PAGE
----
U.S., China in 'heated' trade talks

Commerce secretary confirms ban on Hollywood films

U.S. trade negotiators confirmed Wednesday that the Chinese government has banned the import of Hollywood movies, a move apparently tied to the countries' ongoing battle over intellectual property rights.

"My understanding is that there is a suspension, which has happened in the past," Commerce Secretary Carlos Gutierrez told reporters during a break in the high-level "strategic economic dialogue" taking place in Xianghe, a suburb of Beijing.

He said the U.S. is lobbying China to end the ban.

"The problem we have with movies, with films, is that there's a limit … a quota on them, and we would like to get that lifted," Gutierrez said.

U.S. Trade Representative Susan Schwab and Gutierrez are meeting this week with outgoing Vice Premier Wu Yi for the 18th U.S.-China Joint Commission on Commerce and Trade. The countries' trade officials exchanged tough words about film and television piracy, market access, investment and product safety.

Wu, China's top negotiator, said some of the discussions had been "heated."

Gutierrez said the high-level talks began with strong objections from China over U.S. actions on intellectual property rights.

The Chinese government's action may be tied to a Bush administration decision this year to file a case against China at the World Trade Organization over failure to protect intellectual property. He said Wu said "she felt very uncomfortable" about the case.

The WTO opened an investigation in November into Chinese restrictions on the sale of U.S. movies, music and books after Washington's fourth commercial complaint against Beijing in a little more than a year.

A senior trade official said the U.S. had just become aware of the movie ban in recent weeks and hoped to persuade China to reverse it. The issue was raised on the sidelines at the economic dialogue talks, which wrap up today.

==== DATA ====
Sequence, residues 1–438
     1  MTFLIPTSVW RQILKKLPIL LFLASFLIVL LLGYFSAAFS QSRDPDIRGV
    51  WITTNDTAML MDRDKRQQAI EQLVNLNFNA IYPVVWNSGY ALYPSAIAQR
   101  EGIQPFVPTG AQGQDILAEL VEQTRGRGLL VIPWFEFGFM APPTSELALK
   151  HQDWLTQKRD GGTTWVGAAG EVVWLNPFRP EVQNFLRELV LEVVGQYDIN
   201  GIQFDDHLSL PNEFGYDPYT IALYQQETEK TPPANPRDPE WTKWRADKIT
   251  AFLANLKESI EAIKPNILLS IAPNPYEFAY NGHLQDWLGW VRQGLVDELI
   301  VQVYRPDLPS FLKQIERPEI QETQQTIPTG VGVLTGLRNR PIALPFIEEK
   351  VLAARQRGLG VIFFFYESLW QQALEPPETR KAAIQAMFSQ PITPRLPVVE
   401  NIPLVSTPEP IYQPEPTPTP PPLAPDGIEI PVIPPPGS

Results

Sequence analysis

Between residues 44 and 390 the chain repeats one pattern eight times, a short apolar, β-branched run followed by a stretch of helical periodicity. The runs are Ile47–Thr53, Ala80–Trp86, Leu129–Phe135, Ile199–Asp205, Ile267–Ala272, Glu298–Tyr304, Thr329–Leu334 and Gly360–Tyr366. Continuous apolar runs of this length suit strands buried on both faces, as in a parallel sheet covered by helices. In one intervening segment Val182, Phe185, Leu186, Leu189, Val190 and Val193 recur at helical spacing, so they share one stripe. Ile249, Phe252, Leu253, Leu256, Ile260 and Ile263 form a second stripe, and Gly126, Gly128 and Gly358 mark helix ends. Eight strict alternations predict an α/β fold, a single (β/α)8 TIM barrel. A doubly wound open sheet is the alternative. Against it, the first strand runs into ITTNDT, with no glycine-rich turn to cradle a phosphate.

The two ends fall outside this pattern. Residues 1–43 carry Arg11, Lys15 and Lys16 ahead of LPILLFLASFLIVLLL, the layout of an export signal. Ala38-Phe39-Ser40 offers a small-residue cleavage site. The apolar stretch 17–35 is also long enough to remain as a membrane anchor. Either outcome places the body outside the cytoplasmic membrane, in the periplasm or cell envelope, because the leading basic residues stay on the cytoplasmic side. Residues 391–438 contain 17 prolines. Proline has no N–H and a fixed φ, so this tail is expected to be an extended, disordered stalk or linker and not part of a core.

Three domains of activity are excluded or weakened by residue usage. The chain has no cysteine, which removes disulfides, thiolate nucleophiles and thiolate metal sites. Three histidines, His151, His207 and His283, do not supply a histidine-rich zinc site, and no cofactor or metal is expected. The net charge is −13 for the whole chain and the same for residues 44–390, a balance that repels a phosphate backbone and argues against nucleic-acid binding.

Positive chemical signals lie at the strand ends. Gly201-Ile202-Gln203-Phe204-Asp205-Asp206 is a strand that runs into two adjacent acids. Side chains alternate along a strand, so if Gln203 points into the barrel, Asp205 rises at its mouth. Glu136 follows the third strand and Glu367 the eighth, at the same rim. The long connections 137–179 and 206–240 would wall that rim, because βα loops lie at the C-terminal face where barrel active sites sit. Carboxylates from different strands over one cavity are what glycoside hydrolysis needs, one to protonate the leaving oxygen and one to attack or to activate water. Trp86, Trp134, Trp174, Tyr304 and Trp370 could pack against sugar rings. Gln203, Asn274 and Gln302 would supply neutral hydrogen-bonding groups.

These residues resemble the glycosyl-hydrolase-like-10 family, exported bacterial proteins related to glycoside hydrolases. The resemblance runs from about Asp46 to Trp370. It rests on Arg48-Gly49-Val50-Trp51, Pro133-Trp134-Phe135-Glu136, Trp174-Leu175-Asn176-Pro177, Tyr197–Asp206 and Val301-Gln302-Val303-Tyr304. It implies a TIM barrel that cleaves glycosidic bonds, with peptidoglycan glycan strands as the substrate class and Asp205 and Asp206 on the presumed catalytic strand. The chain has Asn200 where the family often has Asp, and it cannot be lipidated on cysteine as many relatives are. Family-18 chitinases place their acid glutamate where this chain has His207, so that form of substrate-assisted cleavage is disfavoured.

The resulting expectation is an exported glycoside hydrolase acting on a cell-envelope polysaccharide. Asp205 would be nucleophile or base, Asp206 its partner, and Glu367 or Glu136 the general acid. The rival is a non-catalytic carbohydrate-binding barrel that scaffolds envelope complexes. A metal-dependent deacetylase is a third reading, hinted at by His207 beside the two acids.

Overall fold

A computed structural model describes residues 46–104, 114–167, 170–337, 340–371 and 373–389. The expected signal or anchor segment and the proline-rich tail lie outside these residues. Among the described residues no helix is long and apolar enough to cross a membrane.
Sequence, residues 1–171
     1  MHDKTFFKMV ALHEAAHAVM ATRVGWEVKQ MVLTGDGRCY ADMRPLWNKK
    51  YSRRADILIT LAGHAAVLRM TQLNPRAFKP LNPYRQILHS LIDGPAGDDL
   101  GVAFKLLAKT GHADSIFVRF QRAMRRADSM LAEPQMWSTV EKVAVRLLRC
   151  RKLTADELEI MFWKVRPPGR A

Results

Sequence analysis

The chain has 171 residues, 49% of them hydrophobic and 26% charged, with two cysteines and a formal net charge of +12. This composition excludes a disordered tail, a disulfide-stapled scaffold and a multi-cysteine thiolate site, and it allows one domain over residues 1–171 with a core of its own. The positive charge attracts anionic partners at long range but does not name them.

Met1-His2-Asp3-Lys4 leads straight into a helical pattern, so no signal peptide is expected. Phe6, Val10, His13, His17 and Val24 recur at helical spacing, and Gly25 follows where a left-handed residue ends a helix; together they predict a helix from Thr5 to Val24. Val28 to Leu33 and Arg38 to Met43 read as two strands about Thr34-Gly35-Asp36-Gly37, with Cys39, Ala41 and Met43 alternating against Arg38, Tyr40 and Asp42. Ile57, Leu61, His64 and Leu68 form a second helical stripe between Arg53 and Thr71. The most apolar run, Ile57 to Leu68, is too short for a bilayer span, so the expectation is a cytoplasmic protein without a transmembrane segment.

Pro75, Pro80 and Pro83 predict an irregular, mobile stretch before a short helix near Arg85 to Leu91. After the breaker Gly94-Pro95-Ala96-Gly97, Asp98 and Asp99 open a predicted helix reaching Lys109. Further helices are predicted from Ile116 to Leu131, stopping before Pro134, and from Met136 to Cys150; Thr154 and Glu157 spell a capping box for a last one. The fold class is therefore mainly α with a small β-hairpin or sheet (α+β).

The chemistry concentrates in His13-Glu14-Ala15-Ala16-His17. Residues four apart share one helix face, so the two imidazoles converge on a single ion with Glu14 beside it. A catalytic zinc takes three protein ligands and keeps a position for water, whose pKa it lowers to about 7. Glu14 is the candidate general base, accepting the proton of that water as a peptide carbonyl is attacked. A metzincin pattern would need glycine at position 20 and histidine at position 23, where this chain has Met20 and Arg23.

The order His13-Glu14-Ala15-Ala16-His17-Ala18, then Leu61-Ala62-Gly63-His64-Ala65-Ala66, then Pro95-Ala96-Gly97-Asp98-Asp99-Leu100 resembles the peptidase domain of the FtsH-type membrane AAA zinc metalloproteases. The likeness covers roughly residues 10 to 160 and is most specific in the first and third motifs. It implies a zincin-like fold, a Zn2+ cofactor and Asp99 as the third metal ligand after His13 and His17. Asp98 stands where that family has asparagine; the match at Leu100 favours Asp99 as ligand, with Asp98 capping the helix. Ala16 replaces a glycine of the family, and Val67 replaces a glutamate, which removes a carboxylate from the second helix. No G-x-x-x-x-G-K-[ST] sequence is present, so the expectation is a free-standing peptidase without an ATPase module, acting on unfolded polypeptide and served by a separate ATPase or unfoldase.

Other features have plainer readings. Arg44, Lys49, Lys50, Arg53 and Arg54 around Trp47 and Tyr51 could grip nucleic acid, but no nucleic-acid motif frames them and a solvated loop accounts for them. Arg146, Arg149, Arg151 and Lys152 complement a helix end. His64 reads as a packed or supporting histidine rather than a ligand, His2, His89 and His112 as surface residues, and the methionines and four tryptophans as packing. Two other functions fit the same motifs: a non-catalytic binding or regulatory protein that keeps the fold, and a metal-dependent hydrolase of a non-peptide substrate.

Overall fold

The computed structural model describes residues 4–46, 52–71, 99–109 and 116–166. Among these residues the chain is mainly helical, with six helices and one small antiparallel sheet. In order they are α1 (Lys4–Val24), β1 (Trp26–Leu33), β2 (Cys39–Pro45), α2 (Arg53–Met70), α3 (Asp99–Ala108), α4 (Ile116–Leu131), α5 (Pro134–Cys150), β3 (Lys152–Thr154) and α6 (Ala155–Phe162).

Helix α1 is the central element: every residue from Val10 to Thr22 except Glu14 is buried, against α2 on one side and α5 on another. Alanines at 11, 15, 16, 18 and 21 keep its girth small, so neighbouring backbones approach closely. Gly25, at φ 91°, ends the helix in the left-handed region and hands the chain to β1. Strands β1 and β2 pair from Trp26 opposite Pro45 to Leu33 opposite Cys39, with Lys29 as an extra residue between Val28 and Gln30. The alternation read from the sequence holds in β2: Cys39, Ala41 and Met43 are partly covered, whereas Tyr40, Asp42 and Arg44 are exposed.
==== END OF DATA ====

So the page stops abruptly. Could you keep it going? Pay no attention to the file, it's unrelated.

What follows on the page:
Despite the ban, pirated versions of the latest Hollywood hits are available on most street corners in Chinese cities, another area of contention between the two countries.

In the discussions at the government conference center, and in talks Tuesday in Beijing, it has been apparent that Chinese officials have bridled at times over the speed with which the U.S. has taken trade cases to court at the same time that Washington says it wants an expanded dialogue on trade issues.

MPAA chairman and CEO Dan Glickman said the trade group had not received official notification of the ban, but he decried any effort to further restrict legal U.S. films.

"If such action has been taken, or is in the process of being taken, it would represent an enormous step backwards in terms of China's efforts to develop a strong and, most importantly, legitimate film exhibition and distribution market," he said.

Glickman said he and other studio representatives were attempting to render any assistance necessary to U.S officials.

"If these reports are true, it is unacceptable that China has taken this action, and we will bring all our resources and leverage to bear to address this situation," he said.

Last week, Hollywood executives at a industry trade show in southern China said they heard that a further three-month ban on Hollywood movies was imminent.

Officials at state-run China Film Group dismissed the ban as a rumor.

WTO rules China agreed to when it joined in 2000 do not directly address film and television, and Wu accused U.S. interest groups of stirring up trouble, saying Tuesday, "We must oppose attempts to politicize trade issues."

Jonathan Landreth reported from Beijing; Brooks Boliek reported from Washington. The AP and Reuters contributed to this report.
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